Vendor’s disposal of equipment can expose PHI, create PR nightmare

Be careful when identifying third-party vendors to dispose of equipment that may contain patient protected health information (PHI).If you don’t properly vet a vendor, you may be more likely to suffer breach-related headaches, says attorney Tatiana Melnik, health care and technology attorney at Melnik Legal in Tampa, Fla.

A doctor and her employer, Grand Rapids, Mich.-based Spectrum Health System, learned the hard way the kinds of problems that are possible if use a vendor to dispose of equipment. Spectrum decommissioned a combined printer and fax machine and gave it to a vendor to delete data and resell or junk the machine.

The vendor resold it. When the new owner tried to print confirmation of a sent fax, the new owner discovered the PHI of more than 20 patients in the machine’s memory. It included diagnoses, lab results, home addresses, insurance information, and dependents’ names and dates of birth.

To make matters worse, the owner alerted a local news station, which in turn contacted patients whose PHI was exposed.

The story ran in October 2017 on the local news and because the station posted it on its website, anyone who searches Spectrum Health System may find the story. Spectrum and the physician already have suffered from negative publicity, with one patient whose data was exposed stating she won’t return.

This isn’t the first time a health care provider has had challenges with proper disposal of technology containing PHI.

In 2013, New York-based Affinity Health Plan reached a $1.2 million settlement with HHS. An HHS Office for Civil Rights (OCR) investigation determined “Affinity impermissibly disclosed the protected health information of up to 344,579 individuals when it returned multiple photocopiers to a leasing agent without erasing the data contained on the copier hard drives,” HHS’ website states.

“It’s your PHI,” warns attorney Michael Kline of Fox Rothchild in Princeton, N.J. “There are risks that don’t necessarily end and problems you still have to be accountable for when the equipment is taken away.”

Vendor disposal is a known risk

Spectrum says that it followed its protocol for equipment disposal and even received certification from the vendor that the PHI had been removed.

However, OCR still could investigate the breach. OCR has flagged improper handling and disposal of PHI as one of the most common HIPAA violations. It is a frequent subject of enforcement. State officials also have authority to enforce HIPAA and state privacy law.

HIPAA requires that providers take “reasonable safeguards” when disposing of equipment containing PHI.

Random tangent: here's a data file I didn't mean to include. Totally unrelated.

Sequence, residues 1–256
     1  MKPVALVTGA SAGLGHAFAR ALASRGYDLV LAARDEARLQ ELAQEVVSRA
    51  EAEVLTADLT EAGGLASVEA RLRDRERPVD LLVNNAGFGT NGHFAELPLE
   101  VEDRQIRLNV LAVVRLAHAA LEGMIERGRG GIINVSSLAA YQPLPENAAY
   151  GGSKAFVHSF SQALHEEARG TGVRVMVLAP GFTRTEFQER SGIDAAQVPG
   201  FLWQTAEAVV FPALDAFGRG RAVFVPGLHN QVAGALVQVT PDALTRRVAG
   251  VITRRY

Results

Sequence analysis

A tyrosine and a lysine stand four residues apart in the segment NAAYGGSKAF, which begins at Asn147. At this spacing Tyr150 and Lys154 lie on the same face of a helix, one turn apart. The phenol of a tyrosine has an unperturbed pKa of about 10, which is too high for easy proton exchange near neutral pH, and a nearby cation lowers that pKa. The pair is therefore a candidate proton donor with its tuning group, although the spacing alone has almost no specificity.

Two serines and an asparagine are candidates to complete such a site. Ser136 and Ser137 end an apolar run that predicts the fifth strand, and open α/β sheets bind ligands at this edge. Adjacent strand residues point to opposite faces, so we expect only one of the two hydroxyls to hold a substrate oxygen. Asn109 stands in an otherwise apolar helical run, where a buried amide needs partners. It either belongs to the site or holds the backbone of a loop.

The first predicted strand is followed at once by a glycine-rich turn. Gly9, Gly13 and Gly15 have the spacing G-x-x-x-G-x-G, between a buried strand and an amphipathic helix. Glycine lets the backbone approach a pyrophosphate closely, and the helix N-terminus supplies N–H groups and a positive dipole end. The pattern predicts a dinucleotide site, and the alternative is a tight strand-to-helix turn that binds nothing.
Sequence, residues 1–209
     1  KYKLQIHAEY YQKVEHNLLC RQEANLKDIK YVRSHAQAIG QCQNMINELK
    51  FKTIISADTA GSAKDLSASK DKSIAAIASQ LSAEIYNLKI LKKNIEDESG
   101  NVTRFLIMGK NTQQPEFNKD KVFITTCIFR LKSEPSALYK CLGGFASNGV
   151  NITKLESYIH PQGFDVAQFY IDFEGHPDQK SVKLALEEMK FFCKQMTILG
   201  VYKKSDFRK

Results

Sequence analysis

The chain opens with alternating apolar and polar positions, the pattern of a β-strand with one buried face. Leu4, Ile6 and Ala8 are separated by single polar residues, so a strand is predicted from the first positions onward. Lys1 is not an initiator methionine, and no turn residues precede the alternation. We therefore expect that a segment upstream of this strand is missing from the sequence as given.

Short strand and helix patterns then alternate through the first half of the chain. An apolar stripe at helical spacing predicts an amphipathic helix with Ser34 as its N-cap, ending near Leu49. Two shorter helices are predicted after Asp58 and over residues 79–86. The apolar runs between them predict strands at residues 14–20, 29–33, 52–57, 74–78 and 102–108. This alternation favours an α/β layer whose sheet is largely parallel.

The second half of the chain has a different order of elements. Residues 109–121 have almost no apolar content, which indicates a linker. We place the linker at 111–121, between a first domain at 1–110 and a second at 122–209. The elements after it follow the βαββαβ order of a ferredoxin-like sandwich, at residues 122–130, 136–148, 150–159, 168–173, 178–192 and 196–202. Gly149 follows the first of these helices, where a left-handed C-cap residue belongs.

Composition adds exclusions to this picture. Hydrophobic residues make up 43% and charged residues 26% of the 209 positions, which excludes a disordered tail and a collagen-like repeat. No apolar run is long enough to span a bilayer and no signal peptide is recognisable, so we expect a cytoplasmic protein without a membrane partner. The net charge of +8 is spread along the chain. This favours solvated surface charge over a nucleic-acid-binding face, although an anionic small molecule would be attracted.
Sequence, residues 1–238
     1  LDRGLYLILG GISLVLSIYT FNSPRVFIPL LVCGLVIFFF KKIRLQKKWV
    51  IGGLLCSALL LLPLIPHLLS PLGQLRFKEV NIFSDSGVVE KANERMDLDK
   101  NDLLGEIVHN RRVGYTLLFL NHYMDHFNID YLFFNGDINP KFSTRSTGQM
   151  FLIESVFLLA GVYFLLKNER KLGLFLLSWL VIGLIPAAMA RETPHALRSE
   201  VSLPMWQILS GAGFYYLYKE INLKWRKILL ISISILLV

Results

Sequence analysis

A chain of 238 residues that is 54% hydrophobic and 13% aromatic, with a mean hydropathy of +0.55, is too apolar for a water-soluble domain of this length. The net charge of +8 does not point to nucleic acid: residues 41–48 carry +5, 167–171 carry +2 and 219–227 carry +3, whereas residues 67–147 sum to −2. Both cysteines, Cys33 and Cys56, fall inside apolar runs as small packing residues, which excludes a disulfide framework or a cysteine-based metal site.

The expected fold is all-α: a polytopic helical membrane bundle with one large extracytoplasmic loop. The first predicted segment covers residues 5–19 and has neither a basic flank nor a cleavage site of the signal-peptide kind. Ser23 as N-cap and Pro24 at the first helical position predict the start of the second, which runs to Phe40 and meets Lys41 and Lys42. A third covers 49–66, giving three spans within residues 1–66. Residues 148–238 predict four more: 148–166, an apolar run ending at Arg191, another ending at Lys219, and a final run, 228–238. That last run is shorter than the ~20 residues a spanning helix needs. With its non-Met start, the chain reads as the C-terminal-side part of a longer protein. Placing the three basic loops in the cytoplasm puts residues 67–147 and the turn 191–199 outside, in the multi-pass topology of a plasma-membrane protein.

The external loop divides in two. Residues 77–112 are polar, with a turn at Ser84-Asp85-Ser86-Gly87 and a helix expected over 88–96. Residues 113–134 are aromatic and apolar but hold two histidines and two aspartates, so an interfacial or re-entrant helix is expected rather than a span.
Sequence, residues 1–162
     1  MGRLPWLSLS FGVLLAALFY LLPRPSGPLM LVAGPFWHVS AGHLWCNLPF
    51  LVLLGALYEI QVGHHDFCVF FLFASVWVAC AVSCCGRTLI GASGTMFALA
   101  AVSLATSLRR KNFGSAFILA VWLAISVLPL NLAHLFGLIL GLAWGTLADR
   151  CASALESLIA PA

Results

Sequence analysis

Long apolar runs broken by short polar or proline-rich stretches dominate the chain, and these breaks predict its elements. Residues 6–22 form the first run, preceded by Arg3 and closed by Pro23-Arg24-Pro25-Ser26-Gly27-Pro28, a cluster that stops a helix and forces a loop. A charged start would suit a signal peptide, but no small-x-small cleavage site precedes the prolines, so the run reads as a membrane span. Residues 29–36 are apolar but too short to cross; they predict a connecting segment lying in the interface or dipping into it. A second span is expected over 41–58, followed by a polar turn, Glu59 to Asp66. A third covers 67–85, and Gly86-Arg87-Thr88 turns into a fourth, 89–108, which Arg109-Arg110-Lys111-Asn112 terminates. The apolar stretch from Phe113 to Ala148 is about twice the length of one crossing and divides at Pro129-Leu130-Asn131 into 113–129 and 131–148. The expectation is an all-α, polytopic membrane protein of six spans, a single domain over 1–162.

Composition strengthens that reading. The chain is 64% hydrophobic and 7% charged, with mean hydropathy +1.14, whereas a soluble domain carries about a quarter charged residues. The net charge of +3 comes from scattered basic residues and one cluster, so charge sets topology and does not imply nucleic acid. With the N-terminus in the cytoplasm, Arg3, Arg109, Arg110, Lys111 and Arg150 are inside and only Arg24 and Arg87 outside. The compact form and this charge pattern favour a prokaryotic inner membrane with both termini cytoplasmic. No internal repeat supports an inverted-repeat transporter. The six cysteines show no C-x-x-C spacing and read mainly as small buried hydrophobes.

The law doesn’t dictate a particular method, but data cannot be retrievable and needs to be unusable, unreadable or indecipherable. OCR suggests that PHI on electronic media be cleared, overwritten, purged or destroyed in accordance with standards from the National Institute of Standards and Technology (NIST).

“I would imagine that most home health agencies don’t have the resources onsite to be able to handle the destruction in a way that is sufficient to qualify for the standards,” Melnik says.

Following OCR’s recommendations lowers the risk of HIPAA noncompliance for improper disposal. It also enables providers to avoid reporting a breach should the PHI be improperly disposed since the PHI is then considered secure. Only unsecured PHI that has been exposed or compromised needs to be reported to OCR.

Faulty record disposal often exposes agencies to liability even when the breach was the vendor’s fault.

Find HIPAA-compliant disposal vendors

When seeking a vendor, it’s important to ask for references from other health care providers and to probe the company about its HIPAA compliance, warn Melnik, Kline and attorney Elizabeth Litten of Fox Rothschild in Princeton, N.J.

Here are questions to ask a prospective vendor before you hand over your agency’s equipment:

  • What experience does your company have with disposal of PHI? Determine if the vendor is member of the National Association for Information Destruction, Melnik recommends.
  • What steps does your company take to secure and delete data? Identify what the company’s process is for removing hard drives and eliminating data, Melnik says.
  • Does your company follow NIST’s requirements for deleting data?
  • Will your company certify compliance when it disposes of PHI and provide evidence of the data purging? You should receive a certification of destruction that attests that the technology identified has been destroyed, Melnik says. (See certificate)
  • Does your company have data breach insurance?
  • Will your company sign a business associate agreement? The agreement should state the company will comply with HIPAA requirements and use up-to-date standards and technology in the disposal of PHI. Don’t hire a technology disposal vendor that won’t sign such an agreement, Melnik says.

— Marla Durben Hirsch (mdhirsch@comcast.net) and Josh Poltilove (jpoltilove@decisionhealth.com)